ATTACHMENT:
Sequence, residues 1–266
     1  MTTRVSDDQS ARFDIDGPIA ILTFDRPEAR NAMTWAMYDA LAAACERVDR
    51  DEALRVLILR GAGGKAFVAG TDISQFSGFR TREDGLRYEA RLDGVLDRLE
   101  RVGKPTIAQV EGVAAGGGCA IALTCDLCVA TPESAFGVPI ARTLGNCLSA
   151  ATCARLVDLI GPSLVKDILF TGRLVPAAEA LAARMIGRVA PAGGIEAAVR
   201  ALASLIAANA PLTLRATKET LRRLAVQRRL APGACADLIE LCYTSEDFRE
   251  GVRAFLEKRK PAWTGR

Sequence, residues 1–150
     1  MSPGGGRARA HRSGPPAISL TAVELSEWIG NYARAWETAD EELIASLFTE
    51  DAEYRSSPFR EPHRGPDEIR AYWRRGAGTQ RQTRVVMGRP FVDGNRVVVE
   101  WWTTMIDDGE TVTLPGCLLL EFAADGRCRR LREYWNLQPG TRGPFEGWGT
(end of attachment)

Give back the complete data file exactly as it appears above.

Sequence, residues 1–266
     1  MTTRVSDDQS ARFDIDGPIA ILTFDRPEAR NAMTWAMYDA LAAACERVDR
    51  DEALRVLILR GAGGKAFVAG TDISQFSGFR TREDGLRYEA RLDGVLDRLE
   101  RVGKPTIAQV EGVAAGGGCA IALTCDLCVA TPESAFGVPI ARTLGNCLSA
   151  ATCARLVDLI GPSLVKDILF TGRLVPAAEA LAARMIGRVA PAGGIEAAVR
   201  ALASLIAANA PLTLRATKET LRRLAVQRRL APGACADLIE LCYTSEDFRE
   251  GVRAFLEKRK PAWTGR

Sequence, residues 1–150
     1  MSPGGGRARA HRSGPPAISL TAVELSEWIG NYARAWETAD EELIASLFTE
    51  DAEYRSSPFR EPHRGPDEIR AYWRRGAGTQ RQTRVVMGRP FVDGNRVVVE
   101  WWTTMIDDGE TVTLPGCLLL EFAADGRCRR LREYWNLQPG TRGPFEGWGT